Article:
The successfulness of the differentiation of IMCL and EMCL was evaluated in this study. It is shown that IMCL cannot be differentiated from EMCL not only by the factors on the equipment such as shimming and data acquisition parameters, but also the biological factors. The 1H-MRS measurement success rates of IMCL and EMCL in skeletal muscle are affected by age, the presence or absence of DM, and the anatomic structures of different skeletal muscle types.

Acknowledgment

Financial support for this study was provided by Grant-in-Aid for Scientific Research (C) (26350882) and Grant-in-Aid for Challenging Exploratory Research (25560364) from Japan Society for the Promotion of Science.

Disclosure

The authors report no conflicts of interest in this work.


References

1.

Demaerel P, Johannik K, Van Hecke P, et al. Localized 1H NMR spectroscopy in fifty cases of newly diagnosed intracranial tumors. J Comput Assist Tomogr. 1991;15(1):67–76.

2.

Shimizu H, Kumabe T, Tominaga T, et al. Noninvasive evaluation of malignancy of brain tumors with proton MR spectroscopy. ANJR Am J Neuroradiol. 1996;17(4):737–747.

3.

Michaelis T, Merboldt KD, Bruhn H, Hänicke W, Frahm J. Absolute concentrations of metabolites in the adult human brain in vivo: quantification of localized proton MR spectra. Radiology. 1993;187(1):219–227.

4.

Schrauwen-Hinderling VB, Hesselink MK, Schrauwen P, Kooi ME. Intramyocellular lipid content in human skeletal muscle. Obesity (Silver Spring). 2006;14(3):357–367.

5.

Mäurer J, Konstanczak P, Söllner O, et al. Muscle metabolism of professional athletes using 31P-spectroscopy. Acta Radiol. 1999;40(1):73–77.

6.

Walker PM, Brunotte F, Rouhier-Marcer I, et al. Nuclear magnetic resonance evidence of different muscular adaptations after resistance training. Arch Phys Med Rehabil. 1998;79(11):1391–1398.

7.

van der Graaf M, de Haan JH, Smits P, Mulder AH, Heerschap A, Tack CJ. The effect of acute exercise on glycogen synthesis rate in obese subjects studied by 13C MRS. Eur J Appl Physiol. 2011;111(2):275–283.

8.

Rico-Sanz J, Zehnder M, Buchli R, Kühne G, Boutellier U. Creatine feeding does not enhance intramyocellular glycogen concentration during carbohydrate loading: an in vivo study by 31P- and 13C-MRS. J Physiol Biochem. 2008;64(3):189–196.

9.

Boesch C, Slotboom J, Hoppeler H, Kreis R. In vivo determination of intra-myocellular lipids in human muscle by means of localized 1H-MR-spectroscopy. Magn Reson Med. 1997;37(4):484–493.

10.

Krssak M, Falk Petersen K, Dresner A, et al. Intramyocellular lipid concentrations are correlated with insulin sensitivity in humans: a 1HNMR spectroscopy study. Diabetologia. 1999;42(3):113–116.

11.

Jacob S, Machann J, Rett K, et al. Association of increased intramyocellular lipid content with insulin resistance in lean nondiabetic offspring of type 2 diabetic subjects. Diabetes. 1999;48(5):1113–1119.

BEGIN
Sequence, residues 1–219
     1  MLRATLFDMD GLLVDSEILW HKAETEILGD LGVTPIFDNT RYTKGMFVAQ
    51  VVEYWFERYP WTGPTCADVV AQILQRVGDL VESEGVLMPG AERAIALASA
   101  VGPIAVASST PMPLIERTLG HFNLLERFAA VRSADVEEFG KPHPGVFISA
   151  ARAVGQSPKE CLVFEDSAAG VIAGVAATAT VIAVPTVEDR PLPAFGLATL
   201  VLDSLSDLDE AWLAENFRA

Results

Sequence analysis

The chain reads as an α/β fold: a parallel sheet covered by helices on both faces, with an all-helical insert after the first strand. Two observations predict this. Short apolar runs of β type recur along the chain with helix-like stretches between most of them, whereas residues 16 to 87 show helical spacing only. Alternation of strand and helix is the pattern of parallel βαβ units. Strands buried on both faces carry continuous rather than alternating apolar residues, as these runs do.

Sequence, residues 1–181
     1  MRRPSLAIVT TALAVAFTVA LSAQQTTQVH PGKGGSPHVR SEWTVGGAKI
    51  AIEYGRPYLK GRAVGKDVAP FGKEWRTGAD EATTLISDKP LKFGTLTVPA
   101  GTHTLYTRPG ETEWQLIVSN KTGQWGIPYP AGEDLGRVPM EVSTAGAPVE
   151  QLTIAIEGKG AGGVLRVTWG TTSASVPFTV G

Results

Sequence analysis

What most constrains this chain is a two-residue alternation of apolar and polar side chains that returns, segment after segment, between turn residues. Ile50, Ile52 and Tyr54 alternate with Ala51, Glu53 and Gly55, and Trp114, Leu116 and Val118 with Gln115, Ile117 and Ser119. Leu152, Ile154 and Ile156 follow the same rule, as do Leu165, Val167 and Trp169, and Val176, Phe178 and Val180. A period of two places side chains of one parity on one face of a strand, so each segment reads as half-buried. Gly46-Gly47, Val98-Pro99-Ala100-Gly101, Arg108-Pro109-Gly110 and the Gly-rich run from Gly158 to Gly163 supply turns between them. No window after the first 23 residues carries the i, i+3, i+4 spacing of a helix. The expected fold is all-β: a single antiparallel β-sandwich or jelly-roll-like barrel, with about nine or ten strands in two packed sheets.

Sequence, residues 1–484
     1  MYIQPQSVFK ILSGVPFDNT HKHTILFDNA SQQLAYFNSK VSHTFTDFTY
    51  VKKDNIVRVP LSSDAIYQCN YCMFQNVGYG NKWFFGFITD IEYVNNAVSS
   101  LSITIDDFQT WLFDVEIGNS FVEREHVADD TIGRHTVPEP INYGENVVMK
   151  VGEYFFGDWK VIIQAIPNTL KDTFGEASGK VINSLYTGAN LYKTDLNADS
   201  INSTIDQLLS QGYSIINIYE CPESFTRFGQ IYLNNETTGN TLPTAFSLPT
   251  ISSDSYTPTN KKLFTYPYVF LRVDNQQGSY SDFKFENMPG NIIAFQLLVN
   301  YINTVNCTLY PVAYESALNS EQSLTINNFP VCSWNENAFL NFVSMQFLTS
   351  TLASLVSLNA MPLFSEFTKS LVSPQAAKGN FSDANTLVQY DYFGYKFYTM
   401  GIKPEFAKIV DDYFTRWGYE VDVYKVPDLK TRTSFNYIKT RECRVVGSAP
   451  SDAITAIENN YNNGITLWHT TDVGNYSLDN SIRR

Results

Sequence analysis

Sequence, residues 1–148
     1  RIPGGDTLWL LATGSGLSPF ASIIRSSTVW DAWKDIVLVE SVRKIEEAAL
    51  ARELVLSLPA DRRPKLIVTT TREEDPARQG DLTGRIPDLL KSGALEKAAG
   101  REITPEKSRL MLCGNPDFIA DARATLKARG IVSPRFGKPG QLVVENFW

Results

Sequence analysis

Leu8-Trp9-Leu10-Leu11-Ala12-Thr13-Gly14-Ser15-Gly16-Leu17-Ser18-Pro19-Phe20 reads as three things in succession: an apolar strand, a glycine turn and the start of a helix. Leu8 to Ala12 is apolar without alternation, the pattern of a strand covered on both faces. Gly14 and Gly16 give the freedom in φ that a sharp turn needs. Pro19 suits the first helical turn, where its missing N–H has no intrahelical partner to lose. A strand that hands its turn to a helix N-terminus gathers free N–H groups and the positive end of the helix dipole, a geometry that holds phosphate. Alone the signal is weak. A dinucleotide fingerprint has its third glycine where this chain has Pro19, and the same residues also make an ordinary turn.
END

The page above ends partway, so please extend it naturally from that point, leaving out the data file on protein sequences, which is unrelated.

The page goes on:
12.

Provencher SW. Automatic quantitation of localized in vivo 1H spectra with LCModel. NMR Biomed. 2001;14(4):260–264.

13.

Chow RS, Medri MK, Martin DC, Leekam RN, Agur AM, McKee NH. Sonographic studies of human soleus and gastrocnemius muscle architecture: gender variability. Eur J Appl Physiol. 2000;82(3):236–244.

14.

Morse CI, Thom JM, Birch KM, Narici MV. Changes in triceps surae muscle architecture with sarcopenia. Acta Physiol Scand. 2005;183(3):291–298.

15.

Okamoto Y, Okamoto T, Yuka K, Hirano Y, Isobe T, Minami M. The correlation between pennation angle and the image quality of skeletal muscle fibre tractography using the deterministic diffusion tensor imaging. J Med Imaging Radiat Oncol. 2012;56(6):622–627.

16.

Damon BM, Ding Z, Anderson AW, Freyer AS, Gore JC. Validation of diffusion tensor MRI-based muscle fiber tracking. Magn Reson Med. 2002;48(1):97–104.

17.

Okamoto Y, Kunimatsu A, Kono T, Kujiraoka Y, Sonobe J, Minami M. Gender differences in MR muscle tractography. Magn Reson Med Sci. 2010;9(3):111–118.

18.

Van Donkelaar CC, Kretzers LJ, Bovendeerd PH, et al. Diffusion tensor imaging in biomechanical studies of skeletal muscle function. J Anat. 1999;194(Pt 1):79–88.

19.

Baumgartner RN, Stauber PM, McHugh D, Koehler KM, Garry PJ. Cross-sectional age differences in body composition in persons 60+ years of age. J Gerontol A Biol Sci Med Sci. 1995;50(6):M307–M316.

20.

Forbes GB. Longitudinal changes in adult fat-free mass: influence of body weight. Am J Clin Nutr. 1999;70(6):1025–1031.

21.

Gallagher D, Visser M, De Meersman RE, et al. Appendicular skeletal muscle mass: effects of age, gender, and ethnicity. J Appl Physiol. 1997;83(1):229–239.

22.

Galbán CJ, Maderwald S, Stock F, Ladd ME. Age-related changes in skeletal muscle as detected by diffusion tensor magnetic resonance imaging. J Gerontol A Biol Sci Med Sci. 2007;62(4):453–458.

Creative Commons License This work is published and licensed by Dove Medical Press Limited. The full terms of this license are available at https://www.dovepress.com/terms.php and incorporate the Creative Commons Attribution - Non Commercial (unported, v3.0) License. By accessing the work you hereby accept the Terms. Non-commercial uses of the work are permitted without any further permission from Dove Medical Press Limited, provided the work is properly attributed. For permission for commercial use of this work, please see paragraphs 4.2 and 5 of our Terms.

Download Article [PDF]